The proposed changes to the Fair Labor Standards Act’s (FLSA) overtime rules were a hot topic on the minds of retailers at the National Retail Federation’s Committee on Employment Law meeting, which was held on April 21–22, 2016. At the conference, Elizabeth S. Washko, Office Managing Shareholder of Ogletree Deakins’ Nashville office, moderated a panel discussion on what retail companies are doing now to prepare for the coming changes to the FLSA’s overtime regulations. On the panel with Washko were in-house counsel from four major retailers with operations throughout the United States, representing both brick-and-mortar, as well as online, retailers. Representatives from other retailers in the audience also shared their concerns and tactics. During the lively panel discussion, the presenters fielded the following questions from the moderator and shared the struggles they face as well as their strategies to handle the forthcoming regulations:
Has your company taken any concrete action in anticipation of the regulation changes? Can you share some of the concrete steps you have taken in advance of the regulations being finalize?
All of the panelists reported that their companies had conducted some form of basic financial modeling to try to determine the financial impact of the proposed overtime regulations on their businesses. Retailers in the audience also indicated that they had performed some type of modeling as well. Among the projections retailers said they had conducted was estimating the costs of bringing all their exempt employees up to the new salary minimum, assumed to be approximately $50,000 per year, and of reclassifying some or all of those employees below that threshold as nonexempt employees and paying them overtime.
Because exempt employees are not typically required to track their hours, estimating the number of hours they work is a difficult task. Several of the retailers estimated hours based on store hours to conduct this analysis, while one used building badge swipe information. All of the panelists reported having difficulty estimating the amount of time exempt employees, particularly store managers and assistant store managers, spend outside of work emailing, texting, and calling employees to ensure staffing levels and problem solve.
The panelists reported that their financial modeling had indicated that the cost of complying with the proposed overtime rule would be anywhere from $7 million to $14 million, with the most expensive route being bringing all exempt employees up to the new salary threshold. Several of the panelists reported that they had shared these projections with the highest-level executives of their companies, given the enormity of the potential impact of the changes.
Has your company made a decision on how to handle the potential salary threshold increase once it goes into effect—increase pay across the board to bring everyone up to the minimum, reclassify positions, create hybrid options? Instead, is your company waiting to see what the final regulations hold?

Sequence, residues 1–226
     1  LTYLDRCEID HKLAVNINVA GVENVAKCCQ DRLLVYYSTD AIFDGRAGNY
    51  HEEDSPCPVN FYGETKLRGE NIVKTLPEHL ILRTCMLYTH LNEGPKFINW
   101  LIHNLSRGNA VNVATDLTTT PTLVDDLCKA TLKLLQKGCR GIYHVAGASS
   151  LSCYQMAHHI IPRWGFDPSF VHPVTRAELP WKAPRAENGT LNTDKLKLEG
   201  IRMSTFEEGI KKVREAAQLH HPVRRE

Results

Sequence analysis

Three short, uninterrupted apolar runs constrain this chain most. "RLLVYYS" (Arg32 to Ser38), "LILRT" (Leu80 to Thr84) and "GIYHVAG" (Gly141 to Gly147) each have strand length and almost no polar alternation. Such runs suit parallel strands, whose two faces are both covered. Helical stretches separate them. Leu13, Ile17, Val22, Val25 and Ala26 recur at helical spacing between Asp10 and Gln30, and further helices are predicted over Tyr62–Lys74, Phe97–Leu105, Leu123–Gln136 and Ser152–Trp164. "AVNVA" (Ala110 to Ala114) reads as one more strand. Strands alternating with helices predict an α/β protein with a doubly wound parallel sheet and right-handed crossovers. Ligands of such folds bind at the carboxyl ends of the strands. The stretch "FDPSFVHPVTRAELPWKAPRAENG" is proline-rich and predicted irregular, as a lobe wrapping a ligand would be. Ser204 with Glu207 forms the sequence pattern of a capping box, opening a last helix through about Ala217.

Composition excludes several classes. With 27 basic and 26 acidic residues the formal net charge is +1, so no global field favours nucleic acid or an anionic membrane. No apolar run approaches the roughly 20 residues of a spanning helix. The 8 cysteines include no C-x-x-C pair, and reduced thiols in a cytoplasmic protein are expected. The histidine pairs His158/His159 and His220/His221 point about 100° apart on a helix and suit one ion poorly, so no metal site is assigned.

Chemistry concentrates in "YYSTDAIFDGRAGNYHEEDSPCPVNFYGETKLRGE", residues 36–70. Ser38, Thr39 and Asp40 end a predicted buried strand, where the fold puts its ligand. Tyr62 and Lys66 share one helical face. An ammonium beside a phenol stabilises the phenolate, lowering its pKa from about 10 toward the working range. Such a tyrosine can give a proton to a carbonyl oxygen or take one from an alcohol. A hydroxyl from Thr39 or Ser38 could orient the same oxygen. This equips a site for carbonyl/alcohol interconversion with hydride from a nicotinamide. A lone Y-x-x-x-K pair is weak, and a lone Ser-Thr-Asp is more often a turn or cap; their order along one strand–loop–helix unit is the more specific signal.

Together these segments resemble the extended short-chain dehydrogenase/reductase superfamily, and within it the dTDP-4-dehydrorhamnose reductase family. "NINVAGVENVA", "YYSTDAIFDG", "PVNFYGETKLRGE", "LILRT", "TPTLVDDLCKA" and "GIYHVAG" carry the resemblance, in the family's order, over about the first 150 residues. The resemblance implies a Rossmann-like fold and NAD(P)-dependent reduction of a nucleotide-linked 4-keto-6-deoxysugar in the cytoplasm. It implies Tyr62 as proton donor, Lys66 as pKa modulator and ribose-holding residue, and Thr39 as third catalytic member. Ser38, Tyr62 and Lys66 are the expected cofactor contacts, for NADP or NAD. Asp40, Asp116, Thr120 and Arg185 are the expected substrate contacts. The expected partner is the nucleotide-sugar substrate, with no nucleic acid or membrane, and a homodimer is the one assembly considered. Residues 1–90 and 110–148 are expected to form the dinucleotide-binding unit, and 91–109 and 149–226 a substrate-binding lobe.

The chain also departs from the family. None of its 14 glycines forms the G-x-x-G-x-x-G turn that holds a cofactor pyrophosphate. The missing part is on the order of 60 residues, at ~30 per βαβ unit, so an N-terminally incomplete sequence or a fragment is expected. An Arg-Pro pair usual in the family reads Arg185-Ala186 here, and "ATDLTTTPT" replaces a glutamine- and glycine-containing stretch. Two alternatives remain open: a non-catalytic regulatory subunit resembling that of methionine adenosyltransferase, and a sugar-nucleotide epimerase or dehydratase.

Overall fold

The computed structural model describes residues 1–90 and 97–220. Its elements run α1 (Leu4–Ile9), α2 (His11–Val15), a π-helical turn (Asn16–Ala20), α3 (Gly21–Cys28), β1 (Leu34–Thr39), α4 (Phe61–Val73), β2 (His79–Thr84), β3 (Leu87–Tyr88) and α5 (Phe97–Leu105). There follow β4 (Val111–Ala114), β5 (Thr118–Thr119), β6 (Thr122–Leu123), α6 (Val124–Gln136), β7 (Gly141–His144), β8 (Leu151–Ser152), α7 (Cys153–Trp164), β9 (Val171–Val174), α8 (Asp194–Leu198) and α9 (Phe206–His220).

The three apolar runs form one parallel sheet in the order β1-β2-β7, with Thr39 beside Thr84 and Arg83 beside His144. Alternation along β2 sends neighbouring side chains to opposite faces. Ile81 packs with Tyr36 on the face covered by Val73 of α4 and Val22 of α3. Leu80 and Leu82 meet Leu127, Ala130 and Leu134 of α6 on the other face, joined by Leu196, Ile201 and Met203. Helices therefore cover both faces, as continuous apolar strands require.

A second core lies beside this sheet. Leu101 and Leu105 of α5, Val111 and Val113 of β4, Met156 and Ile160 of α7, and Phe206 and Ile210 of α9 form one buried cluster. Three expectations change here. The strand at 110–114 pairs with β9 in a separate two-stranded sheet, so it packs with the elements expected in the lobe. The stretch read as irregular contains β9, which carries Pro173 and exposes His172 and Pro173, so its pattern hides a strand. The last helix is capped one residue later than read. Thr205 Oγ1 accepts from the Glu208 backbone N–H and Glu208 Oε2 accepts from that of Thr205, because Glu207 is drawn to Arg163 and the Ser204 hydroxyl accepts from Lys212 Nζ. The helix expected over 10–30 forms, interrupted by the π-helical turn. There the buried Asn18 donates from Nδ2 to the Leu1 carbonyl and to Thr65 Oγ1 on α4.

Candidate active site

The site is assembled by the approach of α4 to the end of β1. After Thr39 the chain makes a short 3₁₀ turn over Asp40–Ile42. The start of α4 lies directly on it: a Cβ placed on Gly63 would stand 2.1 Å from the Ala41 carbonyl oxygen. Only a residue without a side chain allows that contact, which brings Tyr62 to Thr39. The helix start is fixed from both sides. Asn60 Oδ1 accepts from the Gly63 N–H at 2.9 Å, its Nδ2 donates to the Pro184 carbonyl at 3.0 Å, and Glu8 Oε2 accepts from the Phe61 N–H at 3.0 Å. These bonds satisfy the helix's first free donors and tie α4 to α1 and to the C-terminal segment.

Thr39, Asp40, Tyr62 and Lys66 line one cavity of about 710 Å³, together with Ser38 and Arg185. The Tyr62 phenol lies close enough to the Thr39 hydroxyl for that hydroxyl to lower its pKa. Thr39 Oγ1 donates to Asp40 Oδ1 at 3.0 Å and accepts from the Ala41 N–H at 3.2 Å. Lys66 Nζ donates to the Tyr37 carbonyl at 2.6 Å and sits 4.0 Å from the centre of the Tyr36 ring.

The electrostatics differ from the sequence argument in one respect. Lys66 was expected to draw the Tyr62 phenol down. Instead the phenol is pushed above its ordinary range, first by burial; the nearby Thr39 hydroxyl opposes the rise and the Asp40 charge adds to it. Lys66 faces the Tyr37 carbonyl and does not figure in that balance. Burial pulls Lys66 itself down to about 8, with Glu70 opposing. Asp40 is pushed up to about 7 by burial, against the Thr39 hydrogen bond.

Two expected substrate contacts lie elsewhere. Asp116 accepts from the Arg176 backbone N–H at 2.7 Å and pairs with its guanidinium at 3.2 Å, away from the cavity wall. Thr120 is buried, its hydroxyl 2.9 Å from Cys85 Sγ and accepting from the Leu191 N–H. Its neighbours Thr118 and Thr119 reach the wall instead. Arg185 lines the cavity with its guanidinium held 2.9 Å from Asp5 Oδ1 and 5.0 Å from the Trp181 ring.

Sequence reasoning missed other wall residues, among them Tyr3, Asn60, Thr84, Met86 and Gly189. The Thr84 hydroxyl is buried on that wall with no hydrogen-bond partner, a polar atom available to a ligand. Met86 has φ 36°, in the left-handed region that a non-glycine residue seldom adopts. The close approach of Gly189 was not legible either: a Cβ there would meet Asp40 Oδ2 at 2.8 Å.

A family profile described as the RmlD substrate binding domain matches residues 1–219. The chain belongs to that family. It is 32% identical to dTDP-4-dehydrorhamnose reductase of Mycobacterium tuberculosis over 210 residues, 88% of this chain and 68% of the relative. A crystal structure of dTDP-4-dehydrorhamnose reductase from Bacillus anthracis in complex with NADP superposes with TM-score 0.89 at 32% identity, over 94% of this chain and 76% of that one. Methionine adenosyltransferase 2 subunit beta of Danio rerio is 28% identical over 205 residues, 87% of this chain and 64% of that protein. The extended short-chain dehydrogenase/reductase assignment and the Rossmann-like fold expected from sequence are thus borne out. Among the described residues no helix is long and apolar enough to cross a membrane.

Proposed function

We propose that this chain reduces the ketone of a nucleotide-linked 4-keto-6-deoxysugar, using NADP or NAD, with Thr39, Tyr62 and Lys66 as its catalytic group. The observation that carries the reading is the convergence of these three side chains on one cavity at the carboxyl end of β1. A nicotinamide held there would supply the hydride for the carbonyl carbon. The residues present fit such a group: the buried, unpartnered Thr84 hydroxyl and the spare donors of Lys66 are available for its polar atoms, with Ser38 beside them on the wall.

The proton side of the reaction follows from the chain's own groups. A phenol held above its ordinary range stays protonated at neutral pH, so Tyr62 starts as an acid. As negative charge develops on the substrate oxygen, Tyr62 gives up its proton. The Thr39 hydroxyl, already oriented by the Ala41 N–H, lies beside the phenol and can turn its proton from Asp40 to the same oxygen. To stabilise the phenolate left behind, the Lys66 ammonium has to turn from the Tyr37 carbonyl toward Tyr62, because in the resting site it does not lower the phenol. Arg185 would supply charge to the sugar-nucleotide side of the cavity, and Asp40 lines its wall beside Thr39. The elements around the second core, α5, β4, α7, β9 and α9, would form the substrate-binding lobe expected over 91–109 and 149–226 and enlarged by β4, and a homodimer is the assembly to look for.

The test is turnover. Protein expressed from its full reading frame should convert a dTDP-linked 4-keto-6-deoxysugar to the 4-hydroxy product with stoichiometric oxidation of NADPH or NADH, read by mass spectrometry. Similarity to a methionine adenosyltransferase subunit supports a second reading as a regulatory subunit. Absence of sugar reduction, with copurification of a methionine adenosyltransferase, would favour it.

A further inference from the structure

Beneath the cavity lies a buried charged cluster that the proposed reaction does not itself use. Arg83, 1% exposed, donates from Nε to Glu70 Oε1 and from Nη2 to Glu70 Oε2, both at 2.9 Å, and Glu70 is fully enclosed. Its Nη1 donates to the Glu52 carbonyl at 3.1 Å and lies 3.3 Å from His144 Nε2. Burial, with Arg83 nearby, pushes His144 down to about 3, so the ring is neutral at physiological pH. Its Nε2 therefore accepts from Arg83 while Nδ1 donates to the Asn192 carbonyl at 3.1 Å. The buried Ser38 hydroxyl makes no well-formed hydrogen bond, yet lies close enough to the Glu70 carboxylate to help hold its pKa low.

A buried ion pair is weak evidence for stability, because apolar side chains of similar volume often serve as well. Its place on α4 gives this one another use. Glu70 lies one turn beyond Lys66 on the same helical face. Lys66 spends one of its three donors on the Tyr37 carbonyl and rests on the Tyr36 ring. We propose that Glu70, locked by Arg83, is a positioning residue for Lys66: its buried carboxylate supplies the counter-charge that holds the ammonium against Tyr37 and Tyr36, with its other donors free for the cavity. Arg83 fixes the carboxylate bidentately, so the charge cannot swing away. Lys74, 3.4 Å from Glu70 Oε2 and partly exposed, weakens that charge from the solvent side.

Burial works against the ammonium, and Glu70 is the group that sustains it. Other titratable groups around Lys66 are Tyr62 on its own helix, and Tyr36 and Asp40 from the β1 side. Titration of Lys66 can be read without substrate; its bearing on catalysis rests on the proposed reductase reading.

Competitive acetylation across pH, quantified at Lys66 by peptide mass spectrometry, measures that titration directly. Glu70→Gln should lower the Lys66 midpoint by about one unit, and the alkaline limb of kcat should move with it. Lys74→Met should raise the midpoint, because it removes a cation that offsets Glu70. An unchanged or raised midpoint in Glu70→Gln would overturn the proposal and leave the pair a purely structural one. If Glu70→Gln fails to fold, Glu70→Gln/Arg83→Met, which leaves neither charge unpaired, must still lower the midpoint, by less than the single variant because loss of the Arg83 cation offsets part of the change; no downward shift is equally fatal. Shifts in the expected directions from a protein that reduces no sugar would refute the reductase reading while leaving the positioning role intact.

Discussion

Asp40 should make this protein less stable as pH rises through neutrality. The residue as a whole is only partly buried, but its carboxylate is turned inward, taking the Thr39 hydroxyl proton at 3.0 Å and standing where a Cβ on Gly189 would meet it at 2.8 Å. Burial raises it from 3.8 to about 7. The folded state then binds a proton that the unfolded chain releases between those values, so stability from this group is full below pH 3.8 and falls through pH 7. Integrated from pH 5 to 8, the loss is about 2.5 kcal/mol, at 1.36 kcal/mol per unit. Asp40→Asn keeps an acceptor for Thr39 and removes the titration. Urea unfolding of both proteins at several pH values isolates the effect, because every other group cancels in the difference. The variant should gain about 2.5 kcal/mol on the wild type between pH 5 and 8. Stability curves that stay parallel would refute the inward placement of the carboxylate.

None of the panelists reported having a concrete plan of attack for dealing with the proposed changes. All of the retail panelists reported that they are waiting to see what the final regulations contain before making any final decisions. They shared that they are struggling with issues like geographic differences in pay and pay compression, as well as the impact the changes will have on employee relations and incentive programs.
In addition to simply reclassifying employees as nonexempt or bringing nonexempt employees up to the new salary threshold, several of the panelists reported that they have also modeled using more part-time workers in newly nonexempt positions, as well as having different levels within the same job title, e.g., having both exempt and nonexempt store managers. One panelist reported that the company is considering having different levels of management and compensation based on the volume of sales at the different stores. This would also enable the company to better account for geographic differences in pay.
When asked by a retailer in the audience whether they were considering using a fluctuating workweek model, none of the panelists or other audience members indicated that they were considering using that model as a way to reduce overtime costs. Retailers cited concerns about the perceived difficulty of memorializing an employee’s agreement to a fluctuating workweek, the potential employee relations issues that could be created by using this method, and the difficulty in administering the methodology and dealing with bonuses.
How are you addressing the possible changes to the duties tests? Are you doing anything to figure out how much time managers are spending on exempt and nonexempt duties?